The ‘Unstringing’ of a ‘String of Pearls’ – Part One

Marcus is a second year student  reading International Relations and the East Asia regional editor for KCL International Relations Today.  Marcus currently serves on the committee of Kings College London Geopolitical Risk Society and writes for The Dialogue.

SIX PART SERIES: THE ‘UNSTRINGING’ OF A ‘STRING OF PEARLS’

A six-part sequel on China’s Belt Road Initiative (BRI) which aims to highlight various forms of challenges to China’s seemingly unopposed strategy of ‘stringing ‘pearls’. This series  looks into Chinese motivations in rejuvenating its historical Silk Road prowess and explores how other powerhouses have attempted to oppose such a projection of economic imperialism. In particular, this series  will engage with the strategies of Japan under the Abe administration, India under the Modi administration, ASEAN, European Union and, the US under both Obama and Trump administrations. Ultimately each segment is aimed at examining the institutional pushbacks to the BRI that unfortunately receive scant limelights in recent affairs.

PART ONE: STRING OF PEARLS

One Belt, One Road, One Strategy

The Belt Road Initiative (BRI) is a conglomerate of progressing economic development strategies in 2013 involving nearly 70 countries in Asia, Europe, Africa and the Middle East. Encompassing a global infrastructure network that consists of the Silk Road Economic Belt, the 21st Century Maritime Silk Road and the Ice Silk Road: China uses, acquires and builds railroads, ports and pipelines to challenge the centrality of maritime collectivity in the development of a future economy. 

Beijing’s multi-billion project, dubbed as “a new Marshall Plan with Chinese features” (Chen in Beeson, 2018: 241) is aimed at unifying global and domestic markets through cultural exchange and integration with attractive stimulus injections to foster global economic growth. On its surface, the BRI seems to embody the hues of Cosmopolitanism: by capitalising economic interdependence to foster trust and mutual understandings between states. Nonetheless, what lurks behind this initiative is Beijing’s agenda-driven political momentum to reshape a new economic world order or to some extent, a state-backed campaign for strategic influence and global dominance.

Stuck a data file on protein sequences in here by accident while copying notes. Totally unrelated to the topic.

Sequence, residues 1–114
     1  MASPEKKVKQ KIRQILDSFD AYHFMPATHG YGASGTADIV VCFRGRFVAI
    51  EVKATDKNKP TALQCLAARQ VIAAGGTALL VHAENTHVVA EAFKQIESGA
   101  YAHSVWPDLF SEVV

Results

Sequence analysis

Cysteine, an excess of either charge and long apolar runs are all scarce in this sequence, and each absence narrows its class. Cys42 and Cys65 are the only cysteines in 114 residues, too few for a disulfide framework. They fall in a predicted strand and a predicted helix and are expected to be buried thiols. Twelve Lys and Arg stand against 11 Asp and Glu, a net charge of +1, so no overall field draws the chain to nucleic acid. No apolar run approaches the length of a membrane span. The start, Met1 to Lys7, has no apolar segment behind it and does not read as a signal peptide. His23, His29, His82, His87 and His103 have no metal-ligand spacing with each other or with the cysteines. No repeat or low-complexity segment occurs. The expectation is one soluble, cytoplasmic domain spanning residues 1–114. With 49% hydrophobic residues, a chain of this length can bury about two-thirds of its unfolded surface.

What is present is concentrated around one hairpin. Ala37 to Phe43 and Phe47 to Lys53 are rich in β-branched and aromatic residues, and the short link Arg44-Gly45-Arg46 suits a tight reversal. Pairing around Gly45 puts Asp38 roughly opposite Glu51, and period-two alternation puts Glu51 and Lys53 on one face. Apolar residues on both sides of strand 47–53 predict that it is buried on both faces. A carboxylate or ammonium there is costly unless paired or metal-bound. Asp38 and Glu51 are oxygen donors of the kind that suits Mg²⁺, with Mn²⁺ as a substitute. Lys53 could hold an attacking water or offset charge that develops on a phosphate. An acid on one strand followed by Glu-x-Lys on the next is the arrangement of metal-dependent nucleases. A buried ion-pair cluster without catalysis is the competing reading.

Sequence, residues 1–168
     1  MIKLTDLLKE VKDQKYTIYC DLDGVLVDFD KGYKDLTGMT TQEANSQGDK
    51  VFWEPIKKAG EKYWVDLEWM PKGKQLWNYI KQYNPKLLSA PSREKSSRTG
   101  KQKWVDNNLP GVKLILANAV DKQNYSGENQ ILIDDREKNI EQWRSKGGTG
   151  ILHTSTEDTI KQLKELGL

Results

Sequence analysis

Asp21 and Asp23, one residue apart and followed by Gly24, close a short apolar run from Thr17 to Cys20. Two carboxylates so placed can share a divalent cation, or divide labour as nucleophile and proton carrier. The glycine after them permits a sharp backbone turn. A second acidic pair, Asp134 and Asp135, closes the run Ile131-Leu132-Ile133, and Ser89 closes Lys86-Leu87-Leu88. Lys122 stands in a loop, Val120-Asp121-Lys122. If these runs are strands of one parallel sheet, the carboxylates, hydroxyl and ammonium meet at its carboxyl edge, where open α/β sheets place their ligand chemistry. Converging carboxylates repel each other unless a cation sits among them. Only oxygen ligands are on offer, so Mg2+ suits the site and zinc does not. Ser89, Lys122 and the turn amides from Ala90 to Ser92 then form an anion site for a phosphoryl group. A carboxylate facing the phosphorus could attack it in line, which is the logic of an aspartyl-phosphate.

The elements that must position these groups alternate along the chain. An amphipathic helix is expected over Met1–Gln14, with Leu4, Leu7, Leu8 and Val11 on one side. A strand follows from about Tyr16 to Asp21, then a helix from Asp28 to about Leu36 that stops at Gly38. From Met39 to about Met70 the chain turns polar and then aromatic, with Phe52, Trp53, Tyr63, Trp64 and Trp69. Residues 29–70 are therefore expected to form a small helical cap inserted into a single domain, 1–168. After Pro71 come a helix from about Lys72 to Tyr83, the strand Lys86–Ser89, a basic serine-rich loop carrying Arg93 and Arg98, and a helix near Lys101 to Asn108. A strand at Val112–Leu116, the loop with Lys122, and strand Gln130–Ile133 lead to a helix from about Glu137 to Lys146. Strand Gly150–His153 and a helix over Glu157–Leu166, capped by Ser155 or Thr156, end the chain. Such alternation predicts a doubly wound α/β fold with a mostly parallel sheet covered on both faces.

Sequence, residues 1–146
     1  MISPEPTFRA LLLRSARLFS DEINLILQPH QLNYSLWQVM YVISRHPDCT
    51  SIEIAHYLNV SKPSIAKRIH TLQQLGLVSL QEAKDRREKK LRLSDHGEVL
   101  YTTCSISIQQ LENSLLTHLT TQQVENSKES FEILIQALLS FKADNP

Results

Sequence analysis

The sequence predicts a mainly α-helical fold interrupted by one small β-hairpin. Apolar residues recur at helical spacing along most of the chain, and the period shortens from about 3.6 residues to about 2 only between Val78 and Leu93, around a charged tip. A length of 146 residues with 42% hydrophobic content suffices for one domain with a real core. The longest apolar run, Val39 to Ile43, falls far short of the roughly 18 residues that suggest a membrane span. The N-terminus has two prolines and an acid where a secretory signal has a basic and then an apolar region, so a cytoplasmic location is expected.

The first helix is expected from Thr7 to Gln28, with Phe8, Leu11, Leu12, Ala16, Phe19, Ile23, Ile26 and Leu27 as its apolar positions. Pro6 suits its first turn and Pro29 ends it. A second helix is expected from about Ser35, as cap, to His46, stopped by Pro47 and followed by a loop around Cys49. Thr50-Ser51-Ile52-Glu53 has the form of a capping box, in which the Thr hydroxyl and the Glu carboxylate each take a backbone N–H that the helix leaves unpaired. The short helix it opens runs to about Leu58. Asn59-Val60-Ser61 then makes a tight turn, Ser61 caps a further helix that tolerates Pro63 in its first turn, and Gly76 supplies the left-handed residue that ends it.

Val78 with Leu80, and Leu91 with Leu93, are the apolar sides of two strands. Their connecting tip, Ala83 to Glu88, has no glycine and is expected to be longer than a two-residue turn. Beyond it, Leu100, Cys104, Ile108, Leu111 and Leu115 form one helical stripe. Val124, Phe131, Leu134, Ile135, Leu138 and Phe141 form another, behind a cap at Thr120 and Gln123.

The String of Pearls is a geopolitical theory coined by Booz A. Hamilton (2004) which hypothesises Chinese expansions of maritime presence through the construction and acquisition of naval infrastructures along the Indian Ocean periphery and beyond. ‘Pearls’ refer to the naval installations controlled by China’s presence i.e., infrastructural projects, port ownership, military bases, whereas ‘string’ refers to the connection routes between the adjacent ‘pearls’. Ultimately, through the personification of stringing the pearls together, the geopolitical theory stipulates the necessity for China to acquire and consolidate its command of the sea and hitherto, the sea lines of communication which have historically been synonymous to the prestige associated with global power.

With the aid of the ‘pearls’, the Maritime Silk Road allows China to link and integrate Southeast and South Asian maritime states with the African continent through an unhindered passage: allowing it to effectively hold maritime chokepoints i.e., the Strait of Mandeb, Strait of Malacca, Strait of Hormuz to leverage during periods of hostilities. With an integrated “network of ports, railways and roads, China will therefore be able to stabilise its position at the centre of economic activity across much of Asia” (Pitlo in Beeson, 2018: 249) through an unchallenged link between Europe and China through land and sea.

What’s in it for Beijing?

Contrary to common perception, maritime shipping is relatively cheaper than the economic costs of rail transportation; the BRI is said to cost around £760bn (Kuo and Kommenda, 2018). While China’s GDP size allows it the capacity to splurge on so called ‘white elephant’ projects, it would be naive to buy Beijing’s poster goals of solely facilitating global prosperity. Domestically, the BRI has produced an affluence of business opportunities for Chinese construction firms securing construction contracts worth more than $340bn. (Ibid.) Additionally, there is certainly the political aspect to consider: as Chinese firms are now engaging in global construction work at an unparalleled scale, so has the projection of Chinese economic power. The sheer positioning and usage of Chinese infrastructure and machinery around the world is testament to the formidable extension and projection of Chinese industrial might and capacity. Thus, it is imperative to look beyond the mono faceted display of Chinese desires to enhance its global status as there are certainly elements of financially-induced political leverage that is worthy of inspection.